Scarlet Fever Symptoms and Treatments for Children

Hispanic doctor checking patient's throat
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Scarlet fever is an infection that is caused by group A streptococcus, the same bacteria that causes strep throat. Scarlet fever, also known as scarlatina, is basically strep throat that includes a rash. It occurs mainly in children under the age of 18.


Symptoms of scarlet fever include:

  • Red rash that feels like sandpaper and typically starts on the chest and spreads to the arms and legs. This rash may last between 2 and 7 days. After the rash disappears, the skin on the fingers and toes may peel.
  • Sore throat
  • Fever
  • Pink or red color to the face with pale area around the lips
  • "Strawberry tongue" — red, swollen bumps on the tongue with whitish coating
  • Swollen glands in the neck

Less common symptoms of scarlet fever may include:

  • Upset stomach or vomiting
  • Headache
  • Body aches


Scarlet fever is diagnosed in the same way as strep throat. A throat swab is taken and either a rapid test is performed or it is cultured to see if the streptococcus bacteria is present. The rapid test can show a positive result for 5 to 10 minutes but the culture may take up to two days to get results. Often both tests will be performed because the rapid tests may be unreliable.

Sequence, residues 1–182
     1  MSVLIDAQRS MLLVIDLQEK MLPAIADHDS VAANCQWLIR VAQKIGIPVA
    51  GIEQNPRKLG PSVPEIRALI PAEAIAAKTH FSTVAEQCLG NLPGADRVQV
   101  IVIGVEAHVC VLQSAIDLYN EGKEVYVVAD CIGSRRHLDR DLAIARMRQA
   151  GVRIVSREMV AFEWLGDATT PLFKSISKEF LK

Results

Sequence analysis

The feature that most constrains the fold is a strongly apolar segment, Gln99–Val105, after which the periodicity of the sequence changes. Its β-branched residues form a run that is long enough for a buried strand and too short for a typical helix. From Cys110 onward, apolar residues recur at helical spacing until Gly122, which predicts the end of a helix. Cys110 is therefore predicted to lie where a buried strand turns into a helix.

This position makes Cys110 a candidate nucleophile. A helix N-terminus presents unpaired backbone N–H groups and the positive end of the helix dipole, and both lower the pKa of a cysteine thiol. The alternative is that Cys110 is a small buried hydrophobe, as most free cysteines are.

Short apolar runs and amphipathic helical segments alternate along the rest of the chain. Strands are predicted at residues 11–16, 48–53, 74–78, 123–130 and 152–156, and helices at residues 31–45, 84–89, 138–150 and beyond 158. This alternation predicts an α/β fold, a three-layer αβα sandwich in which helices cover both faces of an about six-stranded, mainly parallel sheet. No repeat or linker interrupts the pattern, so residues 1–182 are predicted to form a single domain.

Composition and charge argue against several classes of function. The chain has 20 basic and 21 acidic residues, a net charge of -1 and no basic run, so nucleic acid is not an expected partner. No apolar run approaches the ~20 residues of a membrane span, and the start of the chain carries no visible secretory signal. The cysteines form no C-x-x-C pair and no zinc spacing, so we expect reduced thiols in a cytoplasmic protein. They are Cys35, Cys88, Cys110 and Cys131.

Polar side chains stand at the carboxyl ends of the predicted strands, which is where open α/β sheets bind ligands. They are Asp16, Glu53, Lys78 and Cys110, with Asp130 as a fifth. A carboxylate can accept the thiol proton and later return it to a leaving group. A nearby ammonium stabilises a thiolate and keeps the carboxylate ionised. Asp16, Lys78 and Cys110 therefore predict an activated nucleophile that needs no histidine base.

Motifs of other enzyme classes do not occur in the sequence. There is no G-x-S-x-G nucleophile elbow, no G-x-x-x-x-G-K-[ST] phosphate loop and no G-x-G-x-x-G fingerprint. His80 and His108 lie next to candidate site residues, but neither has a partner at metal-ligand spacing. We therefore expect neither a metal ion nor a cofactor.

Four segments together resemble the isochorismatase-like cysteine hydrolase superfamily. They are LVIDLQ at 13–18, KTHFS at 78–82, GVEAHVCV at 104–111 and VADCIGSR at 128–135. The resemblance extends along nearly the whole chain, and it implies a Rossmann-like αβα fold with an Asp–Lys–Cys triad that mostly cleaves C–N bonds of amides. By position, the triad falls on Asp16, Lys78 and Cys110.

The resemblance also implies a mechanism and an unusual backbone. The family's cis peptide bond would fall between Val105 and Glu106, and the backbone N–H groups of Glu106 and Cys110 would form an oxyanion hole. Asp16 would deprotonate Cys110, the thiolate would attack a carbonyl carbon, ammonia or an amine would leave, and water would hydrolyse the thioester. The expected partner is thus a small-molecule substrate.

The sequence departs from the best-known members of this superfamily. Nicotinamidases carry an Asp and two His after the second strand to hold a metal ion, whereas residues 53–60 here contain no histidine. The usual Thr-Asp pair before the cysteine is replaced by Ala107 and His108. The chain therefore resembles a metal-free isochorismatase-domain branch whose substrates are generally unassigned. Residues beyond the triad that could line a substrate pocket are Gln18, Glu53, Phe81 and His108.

Scarlet fever must be treated with antibiotics to kill the streptococcus bacteria that is causing the infection. If your child has been diagnosed with scarlet fever, he will need to be treated with antibiotics for at least 24 hours before returning to school or daycare to be sure he is no longer contagious.

You can also give your child fever-reducing medications, such as Tylenol or Motrin, to help make him more comfortable and ease the pain of a sore throat. Cold foods such as ice cream, popsicles, and jello are soothing to a sore throat. Warm liquids such as soup may also be comforting. Running a cool-mist humidifier while your child is sleeping will help keep the throat and nose moist and help prevent discomfort during the night.

In most cases, scarlet fever is not dangerous. Although some people confuse it with rheumatic fever (which is a much more serious but far rarer complication of strep throat), it is not the same. If your child has symptoms of strep throat and a rash but it looks much different than the scarlet fever rash described above, talk to her health care provider to be sure you get an accurate diagnosis.

If your child has been diagnosed with scarlet fever but does not improve after taking antibiotics for 2 to 3 days, contact her pediatrician. Although the rash may take longer to disappear, fever and other symptoms should improve after taking antibiotics.


"Scarlet Fever." National Center for Immunization and Respiratory Diseases: Division of Bacterial Diseases 13 Apr 08. US Centers for Disease Control and Prevention. 14 Jan 10.